“We’ve paid a high price for Christmas,” says Susana Ruiz, a board member of Lares Federation, an industry group that represents around 1,000 residences run by non-profit groups. But according to Ruiz, the impact of the third wave has not been as great as the first, “which caught us without personal protective equipment, tests or even an understanding about how the virus worked.” Back then, she notes, the protocols in place also resulted in restrictions on sending ill residents to the hospital in overstretched regions. These days, everyone who needs medical assistance is receiving it, say industry sources, and there is better diagnosis capability.
We had more deaths in January than in December, and more infectionsAndrés Rueda, spokesperson of the Association of Social Service Directors and Managers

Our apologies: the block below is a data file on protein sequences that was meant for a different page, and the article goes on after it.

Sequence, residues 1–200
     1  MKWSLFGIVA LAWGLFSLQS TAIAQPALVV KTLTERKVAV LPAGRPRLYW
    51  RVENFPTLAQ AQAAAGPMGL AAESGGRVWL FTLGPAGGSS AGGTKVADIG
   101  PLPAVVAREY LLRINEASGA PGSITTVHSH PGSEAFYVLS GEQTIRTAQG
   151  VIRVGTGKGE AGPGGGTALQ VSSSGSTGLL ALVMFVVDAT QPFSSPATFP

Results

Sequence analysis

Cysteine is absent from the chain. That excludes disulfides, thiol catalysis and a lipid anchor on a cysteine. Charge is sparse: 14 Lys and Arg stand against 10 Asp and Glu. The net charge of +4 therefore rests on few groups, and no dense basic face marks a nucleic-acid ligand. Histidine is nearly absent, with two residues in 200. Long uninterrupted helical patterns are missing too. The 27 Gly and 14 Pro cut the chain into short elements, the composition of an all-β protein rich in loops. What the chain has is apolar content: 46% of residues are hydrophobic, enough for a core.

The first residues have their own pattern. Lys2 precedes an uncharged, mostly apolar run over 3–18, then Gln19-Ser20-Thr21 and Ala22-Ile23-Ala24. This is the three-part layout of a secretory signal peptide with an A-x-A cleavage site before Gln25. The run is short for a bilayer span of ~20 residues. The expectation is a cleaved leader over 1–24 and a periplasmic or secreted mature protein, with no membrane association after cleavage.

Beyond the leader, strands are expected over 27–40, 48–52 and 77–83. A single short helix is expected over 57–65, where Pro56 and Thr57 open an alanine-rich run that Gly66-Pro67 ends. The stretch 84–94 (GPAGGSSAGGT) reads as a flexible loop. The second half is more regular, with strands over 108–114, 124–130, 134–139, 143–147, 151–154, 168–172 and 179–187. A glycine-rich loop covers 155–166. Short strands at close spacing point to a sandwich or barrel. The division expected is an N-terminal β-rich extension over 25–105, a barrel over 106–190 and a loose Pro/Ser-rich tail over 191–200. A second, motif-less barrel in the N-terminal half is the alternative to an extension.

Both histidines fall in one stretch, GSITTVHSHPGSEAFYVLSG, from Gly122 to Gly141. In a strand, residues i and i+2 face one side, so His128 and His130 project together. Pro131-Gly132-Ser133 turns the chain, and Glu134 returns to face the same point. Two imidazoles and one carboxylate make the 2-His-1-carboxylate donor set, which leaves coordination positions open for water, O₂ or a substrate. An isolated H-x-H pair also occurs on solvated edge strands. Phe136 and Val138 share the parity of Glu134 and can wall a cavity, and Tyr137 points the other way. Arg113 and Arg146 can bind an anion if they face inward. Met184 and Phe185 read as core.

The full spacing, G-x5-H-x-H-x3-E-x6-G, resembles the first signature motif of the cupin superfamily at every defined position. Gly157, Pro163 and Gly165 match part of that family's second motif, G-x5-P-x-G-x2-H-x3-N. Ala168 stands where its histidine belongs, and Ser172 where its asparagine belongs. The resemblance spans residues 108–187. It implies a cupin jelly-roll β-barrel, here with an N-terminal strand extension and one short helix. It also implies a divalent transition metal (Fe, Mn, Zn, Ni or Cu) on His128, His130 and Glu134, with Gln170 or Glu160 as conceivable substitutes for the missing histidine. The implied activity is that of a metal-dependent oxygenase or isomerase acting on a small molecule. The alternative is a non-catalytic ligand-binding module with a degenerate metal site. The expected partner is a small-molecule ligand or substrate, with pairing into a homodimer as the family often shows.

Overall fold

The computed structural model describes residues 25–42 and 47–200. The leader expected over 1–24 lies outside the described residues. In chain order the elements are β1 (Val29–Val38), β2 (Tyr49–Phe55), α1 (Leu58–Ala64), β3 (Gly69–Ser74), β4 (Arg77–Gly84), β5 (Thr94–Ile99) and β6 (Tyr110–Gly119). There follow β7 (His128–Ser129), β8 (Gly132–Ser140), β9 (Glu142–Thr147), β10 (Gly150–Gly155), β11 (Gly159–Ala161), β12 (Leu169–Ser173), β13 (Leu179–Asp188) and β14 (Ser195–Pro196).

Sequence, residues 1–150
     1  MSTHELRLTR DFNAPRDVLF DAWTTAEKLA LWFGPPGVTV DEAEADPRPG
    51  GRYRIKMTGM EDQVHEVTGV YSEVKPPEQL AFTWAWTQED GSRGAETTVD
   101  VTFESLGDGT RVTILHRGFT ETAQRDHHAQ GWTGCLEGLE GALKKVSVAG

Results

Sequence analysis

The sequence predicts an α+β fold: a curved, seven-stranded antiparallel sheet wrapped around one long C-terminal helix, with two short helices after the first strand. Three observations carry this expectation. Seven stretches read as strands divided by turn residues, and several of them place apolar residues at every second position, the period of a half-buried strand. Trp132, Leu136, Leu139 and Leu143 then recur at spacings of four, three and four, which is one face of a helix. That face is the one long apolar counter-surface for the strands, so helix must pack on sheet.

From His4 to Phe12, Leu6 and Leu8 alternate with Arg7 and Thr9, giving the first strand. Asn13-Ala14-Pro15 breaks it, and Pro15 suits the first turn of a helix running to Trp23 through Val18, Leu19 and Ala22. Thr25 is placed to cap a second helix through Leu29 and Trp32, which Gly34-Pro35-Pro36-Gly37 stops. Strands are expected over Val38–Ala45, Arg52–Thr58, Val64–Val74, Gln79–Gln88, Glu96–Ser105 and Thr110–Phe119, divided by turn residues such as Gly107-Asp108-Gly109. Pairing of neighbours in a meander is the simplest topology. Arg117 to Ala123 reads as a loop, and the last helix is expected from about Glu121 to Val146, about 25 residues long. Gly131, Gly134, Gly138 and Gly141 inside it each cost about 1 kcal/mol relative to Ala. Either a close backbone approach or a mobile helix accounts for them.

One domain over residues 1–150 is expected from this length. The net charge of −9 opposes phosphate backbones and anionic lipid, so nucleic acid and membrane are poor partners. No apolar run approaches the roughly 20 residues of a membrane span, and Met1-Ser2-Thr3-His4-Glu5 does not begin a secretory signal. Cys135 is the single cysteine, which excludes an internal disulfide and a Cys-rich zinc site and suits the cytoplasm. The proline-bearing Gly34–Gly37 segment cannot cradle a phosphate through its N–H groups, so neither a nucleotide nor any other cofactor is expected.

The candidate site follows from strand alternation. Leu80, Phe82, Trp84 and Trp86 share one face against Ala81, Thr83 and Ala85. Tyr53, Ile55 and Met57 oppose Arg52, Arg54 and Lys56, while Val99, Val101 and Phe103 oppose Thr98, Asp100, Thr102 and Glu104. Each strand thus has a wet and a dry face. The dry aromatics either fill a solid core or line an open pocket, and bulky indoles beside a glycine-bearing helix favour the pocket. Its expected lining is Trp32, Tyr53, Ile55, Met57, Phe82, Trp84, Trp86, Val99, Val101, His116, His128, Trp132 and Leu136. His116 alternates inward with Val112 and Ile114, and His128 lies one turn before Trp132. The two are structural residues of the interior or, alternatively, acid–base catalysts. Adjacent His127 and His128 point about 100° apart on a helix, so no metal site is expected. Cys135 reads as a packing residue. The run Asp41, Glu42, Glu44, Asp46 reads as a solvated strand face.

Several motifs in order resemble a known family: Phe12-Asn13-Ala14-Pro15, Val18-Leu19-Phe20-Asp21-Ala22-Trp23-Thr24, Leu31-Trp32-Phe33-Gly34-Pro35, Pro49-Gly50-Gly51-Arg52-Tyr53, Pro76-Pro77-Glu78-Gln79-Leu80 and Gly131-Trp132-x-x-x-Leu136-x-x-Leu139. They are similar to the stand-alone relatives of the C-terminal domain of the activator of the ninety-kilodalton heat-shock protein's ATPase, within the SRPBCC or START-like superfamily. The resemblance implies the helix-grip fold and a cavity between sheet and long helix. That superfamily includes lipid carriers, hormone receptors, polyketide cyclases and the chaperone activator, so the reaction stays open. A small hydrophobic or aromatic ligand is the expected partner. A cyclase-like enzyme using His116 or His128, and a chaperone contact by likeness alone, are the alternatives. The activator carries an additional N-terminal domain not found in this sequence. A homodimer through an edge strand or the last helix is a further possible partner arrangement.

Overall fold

While there is no centralized data for the whole of Spain, figures from regions such as Asturias highlight the difference between the first and third waves of the pandemic. In the first, 32% of all confirmed coronavirus infections were diagnosed in social service residences, and of these cases, 67% died. Fatalities in care homes represented 34% of the total death toll. In the third wave, based on data from January 1 to 25, these figures have dropped significantly: residents now account for 4.2% of all confirmed infections and 40% of all deaths. Of the coronavirus cases detected in care homes in this period, 8% have died.
But the third wave of the pandemic continues to take a deadly toll on Spain’s social service residences. “We had more deaths in January than in December, and more infections,” says Andrés Rueda, the spokesperson of the Association of Social Service Directors and Managers. “When the virus enters, it continues to be devastating.” Infections spread quickly, he explains, as it is impossible for workers and residents to respect social distancing rules.
Jesús Molina Cabrilla, a specialist in preventive medicine, agrees: “Although we make it difficult for the virus to enter, once it does, it’s where it causes the most harm: it is very easy for it to spread because these are closed institutions that are home to the most vulnerable people.”